Can You Identify with Judas?

Have you ever betrayed a friend?

Can you identify with the bargain that Judas made? Have you ever decided that something else was better than Jesus? I’m not referring to inadvertent mistakes but to moments when one knows what God requires, knows what God has commanded, and chooses something else instead.

What is it in your life that you prefer to Jesus?

That’s what came down to for Judas. He decided that the money he would gain by turning Jesus over was better than all it will cost him to stay with Jesus. The authorities would appreciate him. Public opinion would shift in his favor. He would be viewed as a hero. If he stayed with Jesus, all the people who mattered in Jerusalem would continue to feel disdain for him. If he turned Jesus over to them, they would lionize him. Judas Iscariot would be known and appreciated by the Jerusalem elite. He would be famous. He would be (anachronism coming) the darling of the media. He would be a man of interest. They would surely conclude that he was a man with the fortitude to see the error of his way, recognize how dangerous Jesus was to Israel, and do the right thing without regard for his emotional and personal connection to Jesus.

Can you understand and identify with the temptation that faced Judas?

Rather than stay with the wonder worker who started with great promise but then did all the wrong things and spent all his time with these bumbling Galileans, Judas changed sides.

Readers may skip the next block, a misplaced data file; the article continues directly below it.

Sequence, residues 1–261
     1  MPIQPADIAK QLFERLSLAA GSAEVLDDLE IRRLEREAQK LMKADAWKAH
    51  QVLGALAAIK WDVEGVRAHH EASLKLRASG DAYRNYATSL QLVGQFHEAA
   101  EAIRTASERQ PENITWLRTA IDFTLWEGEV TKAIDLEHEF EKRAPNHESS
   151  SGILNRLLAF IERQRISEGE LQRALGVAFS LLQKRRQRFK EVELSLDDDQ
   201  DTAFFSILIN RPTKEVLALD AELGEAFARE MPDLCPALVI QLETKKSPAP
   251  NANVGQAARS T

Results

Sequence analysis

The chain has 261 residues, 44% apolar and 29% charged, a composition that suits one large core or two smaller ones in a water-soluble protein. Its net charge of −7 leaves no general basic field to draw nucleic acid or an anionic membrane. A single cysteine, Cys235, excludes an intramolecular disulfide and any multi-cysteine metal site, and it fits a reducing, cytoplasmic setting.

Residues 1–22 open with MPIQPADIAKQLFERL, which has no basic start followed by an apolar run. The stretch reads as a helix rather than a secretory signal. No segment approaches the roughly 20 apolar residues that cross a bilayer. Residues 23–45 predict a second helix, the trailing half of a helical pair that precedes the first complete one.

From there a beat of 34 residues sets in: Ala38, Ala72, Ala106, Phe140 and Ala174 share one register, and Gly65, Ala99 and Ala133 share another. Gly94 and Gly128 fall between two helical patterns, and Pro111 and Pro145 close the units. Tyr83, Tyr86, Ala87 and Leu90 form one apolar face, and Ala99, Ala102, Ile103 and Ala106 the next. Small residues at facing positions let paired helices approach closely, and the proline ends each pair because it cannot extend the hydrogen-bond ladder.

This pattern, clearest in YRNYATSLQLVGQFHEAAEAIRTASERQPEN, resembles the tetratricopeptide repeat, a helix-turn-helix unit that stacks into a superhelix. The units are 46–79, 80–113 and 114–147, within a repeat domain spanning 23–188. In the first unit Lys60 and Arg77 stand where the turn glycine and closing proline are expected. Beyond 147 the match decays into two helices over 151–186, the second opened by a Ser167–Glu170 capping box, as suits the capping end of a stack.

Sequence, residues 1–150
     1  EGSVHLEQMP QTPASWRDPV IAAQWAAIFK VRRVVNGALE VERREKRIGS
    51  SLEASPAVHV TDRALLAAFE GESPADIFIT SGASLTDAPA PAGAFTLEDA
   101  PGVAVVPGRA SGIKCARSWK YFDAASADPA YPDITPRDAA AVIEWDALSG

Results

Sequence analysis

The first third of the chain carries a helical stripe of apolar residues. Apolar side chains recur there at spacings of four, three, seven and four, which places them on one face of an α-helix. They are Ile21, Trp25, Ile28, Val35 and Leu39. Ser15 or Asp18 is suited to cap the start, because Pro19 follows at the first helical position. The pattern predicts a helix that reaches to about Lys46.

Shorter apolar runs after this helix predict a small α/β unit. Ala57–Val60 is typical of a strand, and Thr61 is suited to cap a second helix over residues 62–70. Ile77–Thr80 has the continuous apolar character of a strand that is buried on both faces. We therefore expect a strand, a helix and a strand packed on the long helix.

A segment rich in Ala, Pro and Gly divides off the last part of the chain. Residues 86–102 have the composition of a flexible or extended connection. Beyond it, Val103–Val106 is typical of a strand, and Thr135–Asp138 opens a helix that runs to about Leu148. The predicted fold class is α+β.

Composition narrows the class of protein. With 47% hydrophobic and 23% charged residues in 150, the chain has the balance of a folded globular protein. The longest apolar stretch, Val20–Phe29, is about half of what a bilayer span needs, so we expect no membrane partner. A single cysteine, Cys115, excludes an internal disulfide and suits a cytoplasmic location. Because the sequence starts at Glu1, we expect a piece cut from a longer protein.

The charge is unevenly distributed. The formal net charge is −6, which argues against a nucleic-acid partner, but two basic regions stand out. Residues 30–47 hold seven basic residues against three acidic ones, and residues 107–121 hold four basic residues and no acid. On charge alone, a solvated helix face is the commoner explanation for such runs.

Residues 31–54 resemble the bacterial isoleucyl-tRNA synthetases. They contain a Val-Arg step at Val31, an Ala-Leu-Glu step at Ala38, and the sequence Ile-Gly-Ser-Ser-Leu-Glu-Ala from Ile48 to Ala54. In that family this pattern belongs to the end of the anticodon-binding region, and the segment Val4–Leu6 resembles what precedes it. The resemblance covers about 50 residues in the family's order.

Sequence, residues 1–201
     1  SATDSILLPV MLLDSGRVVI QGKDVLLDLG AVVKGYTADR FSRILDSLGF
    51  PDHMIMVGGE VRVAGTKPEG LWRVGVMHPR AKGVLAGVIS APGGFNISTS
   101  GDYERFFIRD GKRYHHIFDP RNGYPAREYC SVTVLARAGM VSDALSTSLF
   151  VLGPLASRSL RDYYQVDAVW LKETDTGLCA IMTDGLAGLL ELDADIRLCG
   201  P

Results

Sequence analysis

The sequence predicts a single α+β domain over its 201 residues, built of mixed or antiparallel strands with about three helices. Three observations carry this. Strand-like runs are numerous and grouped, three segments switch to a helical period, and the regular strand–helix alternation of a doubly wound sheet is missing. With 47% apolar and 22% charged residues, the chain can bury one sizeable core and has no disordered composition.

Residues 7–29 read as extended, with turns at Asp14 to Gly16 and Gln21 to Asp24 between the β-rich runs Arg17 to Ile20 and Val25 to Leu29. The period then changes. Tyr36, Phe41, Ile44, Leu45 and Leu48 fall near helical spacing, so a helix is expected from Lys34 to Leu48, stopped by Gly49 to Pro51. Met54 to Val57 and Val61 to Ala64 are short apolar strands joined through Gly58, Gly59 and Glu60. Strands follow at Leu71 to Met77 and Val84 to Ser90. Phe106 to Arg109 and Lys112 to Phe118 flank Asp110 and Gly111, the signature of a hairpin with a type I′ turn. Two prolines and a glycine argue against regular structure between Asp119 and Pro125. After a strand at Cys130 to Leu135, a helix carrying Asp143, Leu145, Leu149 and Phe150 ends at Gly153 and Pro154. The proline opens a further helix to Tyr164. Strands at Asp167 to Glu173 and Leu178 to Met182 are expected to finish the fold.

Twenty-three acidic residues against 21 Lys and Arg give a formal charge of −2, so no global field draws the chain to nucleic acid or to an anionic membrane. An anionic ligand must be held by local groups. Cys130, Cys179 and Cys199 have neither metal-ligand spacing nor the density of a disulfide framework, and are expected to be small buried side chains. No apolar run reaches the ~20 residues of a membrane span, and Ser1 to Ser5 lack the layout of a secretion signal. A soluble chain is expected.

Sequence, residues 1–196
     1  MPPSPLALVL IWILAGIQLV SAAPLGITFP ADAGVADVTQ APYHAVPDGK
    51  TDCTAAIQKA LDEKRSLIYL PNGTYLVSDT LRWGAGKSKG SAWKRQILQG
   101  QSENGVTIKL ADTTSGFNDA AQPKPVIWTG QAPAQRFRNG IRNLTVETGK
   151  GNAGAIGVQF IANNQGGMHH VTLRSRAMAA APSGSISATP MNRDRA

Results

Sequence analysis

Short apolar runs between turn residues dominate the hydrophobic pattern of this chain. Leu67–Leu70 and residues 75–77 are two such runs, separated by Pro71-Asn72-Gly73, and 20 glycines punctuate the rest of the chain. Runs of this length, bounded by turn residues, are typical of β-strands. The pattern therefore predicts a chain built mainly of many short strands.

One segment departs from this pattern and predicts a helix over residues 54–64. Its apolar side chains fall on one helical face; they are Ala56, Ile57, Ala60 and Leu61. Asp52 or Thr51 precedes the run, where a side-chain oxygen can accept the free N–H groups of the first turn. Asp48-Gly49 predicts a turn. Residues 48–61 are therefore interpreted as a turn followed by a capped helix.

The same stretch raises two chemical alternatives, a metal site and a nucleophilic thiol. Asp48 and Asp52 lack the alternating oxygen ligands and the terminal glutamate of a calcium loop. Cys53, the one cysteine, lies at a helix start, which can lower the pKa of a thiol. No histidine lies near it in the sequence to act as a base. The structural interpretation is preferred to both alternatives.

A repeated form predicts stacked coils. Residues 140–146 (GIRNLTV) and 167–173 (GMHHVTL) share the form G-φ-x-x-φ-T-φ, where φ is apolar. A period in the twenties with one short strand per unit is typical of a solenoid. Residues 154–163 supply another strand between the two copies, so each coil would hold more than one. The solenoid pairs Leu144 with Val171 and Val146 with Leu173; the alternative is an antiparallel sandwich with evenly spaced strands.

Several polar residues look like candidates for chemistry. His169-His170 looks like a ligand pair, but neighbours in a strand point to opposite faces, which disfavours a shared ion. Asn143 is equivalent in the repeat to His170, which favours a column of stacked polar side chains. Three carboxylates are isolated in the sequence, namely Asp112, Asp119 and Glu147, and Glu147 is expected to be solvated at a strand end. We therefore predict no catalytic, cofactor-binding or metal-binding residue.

Do you identify with Judas?

At least we can understand the rationale for what he did. We can sympathize with him and understand him.

One of the most insidious things that literature, tv shows, and movies do is enable us to sympathize with people who do evil things. They get us emotionally wrapped up with a character. They show us why a character chose a certain course of action. They can even make that course of action seem inevitable, given who the character is and how his life has gone.

Some writers and artists manipulate their audience into calling good evil and evil good.

The fact that we can understand Judas and identify with him should not make us feel any less revulsion at the evil he has done.

We need to understand Judas, to see how he could have done what he did and why he did what he did, not to diminish our sense of right and wrong, not to call good evil and evil good, but because we must recognize recognize how we, too, could do evil like what Judas did.

It is evil because Jesus is in the right and God is with Jesus. Judas betrayed Jesus and he betrayed God.

We could fall in the same way. How do we respond to the ways that we can identify with Judas?

We pray for God to make us love righteousness and hate wickedness. We pray that God will keep us faithful to him and his Messiah, to our wives and children. We pray that God will give us moral clarity. We pray that God would cause us to feel even more horrified than we already are by the abominable profanity of the insidious and subversive and treacherous nature of evil.

On Sunday, July 3, it was my privilege to preach the passage in Mark that depicts Judas’ betrayal of Jesus, Mark 14:26–52, “Jesus Stands Alone,” at Kenwood Baptist Church. The audio is here.

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